How do you know who your kids really are? Just listen to Maya. Pay attention to what they show you in various life situations. How do they treat adults and people in authority? How far will they go to be accepted? What’s their bottom line? What are their top priorities? How do they react to setbacks? How do they spend their free time? What people do they choose to spend time with? You can ask them every question in the book, and they can answer those questions, but it doesn’t mean you’re any closer to knowing your kids. Watch them. Look for patterns of behavior that truly show your kid’s character versus focusing on an isolated incident that is likely the result of a single poor decision. The patterns are key. Because I’ve taught so many teenagers for such a long time, I can recognize patterns quickly and identify where a kid is headed. It will be harder for you, but you can definitely do it. Just don’t get sidetracked by flimsy words unsupported by actions.

If, for instance, your kid presents herself as someone you can trust, someone who is just  hanging out with her friends on the weekends watching movies and talking, but she consistently misses curfew and acts strangely when she returns, pay attention to what she is showing you. Then follow up. Be the parent who calls the house (not your daughter’s cell phone) to make sure she is there and that parents are home. Set the boundaries, institute consequences, and see what she does next. Is she furious with you for checking up on her? Does she now start making curfew? What is she showing you about her level of maturity, her trustworthiness, and her understanding of her role as your daughter?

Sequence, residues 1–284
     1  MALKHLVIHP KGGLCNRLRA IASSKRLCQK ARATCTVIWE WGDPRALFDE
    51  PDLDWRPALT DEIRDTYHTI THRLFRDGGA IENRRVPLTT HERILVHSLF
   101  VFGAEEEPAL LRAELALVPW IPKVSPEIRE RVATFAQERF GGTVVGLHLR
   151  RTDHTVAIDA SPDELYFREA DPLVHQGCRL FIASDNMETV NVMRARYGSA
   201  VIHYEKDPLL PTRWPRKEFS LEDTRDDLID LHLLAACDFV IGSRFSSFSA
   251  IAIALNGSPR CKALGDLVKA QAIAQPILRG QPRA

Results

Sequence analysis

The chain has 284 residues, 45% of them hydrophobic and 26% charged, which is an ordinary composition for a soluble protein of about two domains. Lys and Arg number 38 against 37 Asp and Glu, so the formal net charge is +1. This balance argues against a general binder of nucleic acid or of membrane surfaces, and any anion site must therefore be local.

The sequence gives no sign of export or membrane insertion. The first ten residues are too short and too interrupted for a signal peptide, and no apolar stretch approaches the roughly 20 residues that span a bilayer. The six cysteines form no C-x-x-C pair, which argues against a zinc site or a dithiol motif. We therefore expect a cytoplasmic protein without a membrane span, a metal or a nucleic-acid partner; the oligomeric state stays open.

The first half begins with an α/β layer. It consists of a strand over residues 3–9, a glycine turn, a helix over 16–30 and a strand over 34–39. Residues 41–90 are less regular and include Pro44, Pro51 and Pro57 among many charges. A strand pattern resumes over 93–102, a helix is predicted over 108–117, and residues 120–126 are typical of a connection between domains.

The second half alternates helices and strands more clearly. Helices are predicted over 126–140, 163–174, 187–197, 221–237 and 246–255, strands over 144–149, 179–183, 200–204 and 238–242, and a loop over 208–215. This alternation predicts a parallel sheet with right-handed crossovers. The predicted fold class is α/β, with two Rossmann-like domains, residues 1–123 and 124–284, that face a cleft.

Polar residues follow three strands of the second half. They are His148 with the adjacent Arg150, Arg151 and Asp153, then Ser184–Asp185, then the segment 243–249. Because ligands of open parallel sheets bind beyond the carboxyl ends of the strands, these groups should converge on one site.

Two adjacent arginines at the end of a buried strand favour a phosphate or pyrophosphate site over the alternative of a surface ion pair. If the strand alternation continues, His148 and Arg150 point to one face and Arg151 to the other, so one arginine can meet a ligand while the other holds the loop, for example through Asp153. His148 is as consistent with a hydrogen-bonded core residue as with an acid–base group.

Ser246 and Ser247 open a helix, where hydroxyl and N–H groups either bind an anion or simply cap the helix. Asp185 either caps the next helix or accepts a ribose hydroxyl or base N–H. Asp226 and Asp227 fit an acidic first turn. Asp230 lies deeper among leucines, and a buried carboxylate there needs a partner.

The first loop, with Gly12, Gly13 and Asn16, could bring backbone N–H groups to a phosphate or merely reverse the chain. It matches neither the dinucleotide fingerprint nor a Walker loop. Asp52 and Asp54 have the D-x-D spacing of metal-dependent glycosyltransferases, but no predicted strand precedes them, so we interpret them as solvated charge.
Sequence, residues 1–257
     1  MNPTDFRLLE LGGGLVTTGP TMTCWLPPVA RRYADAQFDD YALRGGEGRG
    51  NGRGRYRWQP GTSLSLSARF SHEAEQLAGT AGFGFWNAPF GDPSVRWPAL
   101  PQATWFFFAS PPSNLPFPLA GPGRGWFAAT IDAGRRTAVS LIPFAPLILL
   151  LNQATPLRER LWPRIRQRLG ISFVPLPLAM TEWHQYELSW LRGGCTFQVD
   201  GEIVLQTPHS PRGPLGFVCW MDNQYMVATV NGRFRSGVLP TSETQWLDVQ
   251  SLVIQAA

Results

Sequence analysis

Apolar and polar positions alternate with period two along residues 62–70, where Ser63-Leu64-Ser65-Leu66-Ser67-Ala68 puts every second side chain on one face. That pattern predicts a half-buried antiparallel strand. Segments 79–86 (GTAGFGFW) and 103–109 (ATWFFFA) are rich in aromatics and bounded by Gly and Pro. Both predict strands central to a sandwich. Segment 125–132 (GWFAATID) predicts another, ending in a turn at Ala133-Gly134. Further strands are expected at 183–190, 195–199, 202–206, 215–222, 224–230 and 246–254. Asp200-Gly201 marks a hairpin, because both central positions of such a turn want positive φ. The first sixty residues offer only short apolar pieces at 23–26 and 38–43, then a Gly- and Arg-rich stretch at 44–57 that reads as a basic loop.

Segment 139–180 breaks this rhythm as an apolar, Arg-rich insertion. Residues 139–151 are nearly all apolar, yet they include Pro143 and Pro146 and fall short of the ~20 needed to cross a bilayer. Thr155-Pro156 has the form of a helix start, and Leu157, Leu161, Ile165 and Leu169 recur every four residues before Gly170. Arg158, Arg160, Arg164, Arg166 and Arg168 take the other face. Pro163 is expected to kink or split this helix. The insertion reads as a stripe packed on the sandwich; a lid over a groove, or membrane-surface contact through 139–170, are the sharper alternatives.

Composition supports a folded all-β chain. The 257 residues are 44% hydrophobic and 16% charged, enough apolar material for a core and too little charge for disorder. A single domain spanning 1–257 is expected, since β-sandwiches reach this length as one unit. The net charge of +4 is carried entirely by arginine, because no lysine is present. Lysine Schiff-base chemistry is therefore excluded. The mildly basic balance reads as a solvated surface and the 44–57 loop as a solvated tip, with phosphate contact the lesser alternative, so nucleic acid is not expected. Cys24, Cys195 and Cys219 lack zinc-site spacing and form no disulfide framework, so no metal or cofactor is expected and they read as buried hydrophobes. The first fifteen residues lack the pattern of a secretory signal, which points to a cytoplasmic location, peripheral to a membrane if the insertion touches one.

Your kids are not what you want them to be. They’re whole independent individuals who lead lives you only know a fraction about. They know you as mom and dad, but they really don’t know you as husband and wife. You know them as son or daughter. But how well do you know them as boyfriend or girlfriend, friend, student, classmate, or grandchild?

For help identifying patterns of behavior and figuring out just who your kids are, check out my book Teenagers 101.